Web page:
Scores of former national leaders, health experts and scholars have called for an urgent G20 summit to help poor nations through the crisis brought on by the coronavirus pandemic.
Some 440 million more people face poverty and 265 million face malnutrition due to the developing economic crisis brought by the pandemic, said 225 signatories of an open letter on Tuesday.
They included former British prime ministers Gordon Brown, Tony Blair and John Major; former German foreign minister Joschka Fischer; and former UN secretary general Ban Ki-moon.
The group said the G20, scheduled to meet in November, must convene sooner "because only a fraction of 2.5 trillion dollars needed by poorer countries has been distributed,"
They urged the G20 to unlock $US80 million ($A120 million) in debt relief for poor nations, and pledge an extra one trillion ($A1.5 trillion) to help countries struggling with health emergencies plus $US7 billion ($A10.5 billion) dollars by Thursday for a global immunisation fund.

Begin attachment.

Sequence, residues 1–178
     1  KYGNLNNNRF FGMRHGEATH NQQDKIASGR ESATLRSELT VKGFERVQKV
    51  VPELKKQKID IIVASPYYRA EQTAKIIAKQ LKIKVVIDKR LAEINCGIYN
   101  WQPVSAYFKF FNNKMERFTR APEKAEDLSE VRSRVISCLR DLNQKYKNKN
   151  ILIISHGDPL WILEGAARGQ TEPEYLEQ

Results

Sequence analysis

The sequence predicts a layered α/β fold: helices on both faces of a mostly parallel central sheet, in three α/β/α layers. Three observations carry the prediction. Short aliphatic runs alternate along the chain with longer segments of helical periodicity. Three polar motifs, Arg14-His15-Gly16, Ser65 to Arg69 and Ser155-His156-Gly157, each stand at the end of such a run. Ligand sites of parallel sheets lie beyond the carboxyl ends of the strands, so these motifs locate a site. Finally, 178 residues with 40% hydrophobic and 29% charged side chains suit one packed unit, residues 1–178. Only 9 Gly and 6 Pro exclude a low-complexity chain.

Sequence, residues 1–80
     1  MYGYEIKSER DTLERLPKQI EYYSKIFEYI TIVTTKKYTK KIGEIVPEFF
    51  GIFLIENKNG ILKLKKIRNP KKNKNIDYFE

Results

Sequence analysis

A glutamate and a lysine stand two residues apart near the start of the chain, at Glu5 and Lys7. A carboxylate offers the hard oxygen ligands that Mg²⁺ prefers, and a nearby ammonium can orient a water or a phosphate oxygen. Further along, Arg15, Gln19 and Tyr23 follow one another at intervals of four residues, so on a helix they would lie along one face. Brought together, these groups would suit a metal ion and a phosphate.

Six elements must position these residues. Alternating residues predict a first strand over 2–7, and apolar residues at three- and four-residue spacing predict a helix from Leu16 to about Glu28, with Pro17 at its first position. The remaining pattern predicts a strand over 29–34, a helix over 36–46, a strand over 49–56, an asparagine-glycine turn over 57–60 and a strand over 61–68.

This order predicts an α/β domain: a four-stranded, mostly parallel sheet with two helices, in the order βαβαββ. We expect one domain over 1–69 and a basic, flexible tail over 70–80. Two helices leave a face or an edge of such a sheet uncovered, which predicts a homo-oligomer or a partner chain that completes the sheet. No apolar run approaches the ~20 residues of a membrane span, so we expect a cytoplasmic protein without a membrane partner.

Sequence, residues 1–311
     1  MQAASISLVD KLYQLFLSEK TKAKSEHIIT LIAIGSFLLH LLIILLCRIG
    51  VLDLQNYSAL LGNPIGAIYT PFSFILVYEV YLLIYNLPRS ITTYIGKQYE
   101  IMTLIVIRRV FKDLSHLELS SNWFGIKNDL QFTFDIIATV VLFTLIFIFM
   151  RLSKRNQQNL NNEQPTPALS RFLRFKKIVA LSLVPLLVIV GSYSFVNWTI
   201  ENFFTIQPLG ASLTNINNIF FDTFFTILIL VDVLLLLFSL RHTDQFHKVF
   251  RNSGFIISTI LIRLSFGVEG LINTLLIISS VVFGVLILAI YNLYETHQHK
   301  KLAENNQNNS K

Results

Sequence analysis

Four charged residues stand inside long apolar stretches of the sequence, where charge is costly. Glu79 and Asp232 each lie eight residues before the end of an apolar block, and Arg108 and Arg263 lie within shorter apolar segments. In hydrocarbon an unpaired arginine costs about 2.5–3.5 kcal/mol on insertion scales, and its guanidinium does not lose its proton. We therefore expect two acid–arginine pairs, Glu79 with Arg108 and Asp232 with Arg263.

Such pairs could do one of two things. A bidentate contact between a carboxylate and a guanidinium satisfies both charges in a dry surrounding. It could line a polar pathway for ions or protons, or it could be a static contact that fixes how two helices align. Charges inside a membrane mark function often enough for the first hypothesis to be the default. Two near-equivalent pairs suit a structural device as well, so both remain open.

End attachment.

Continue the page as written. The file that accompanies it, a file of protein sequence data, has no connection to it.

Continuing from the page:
"Representing, as it does, 85 per cent of the world's nominal GDP, the G20 has the capacity to lead the mobilization of resources on the scale required," said the group, which also included former German finance minister Hans Eichel and former Austrian chancellor Wolfgang Schuessel.
"Without a G20 leaders' meeting online soon, and certainly long before the end of November, a vacuum in global leadership will open up just at the time when we need global action most," Brown said.
He warned that inaction risked "a second wave of Covid coming out of the poorest countries."
Australian Associated Press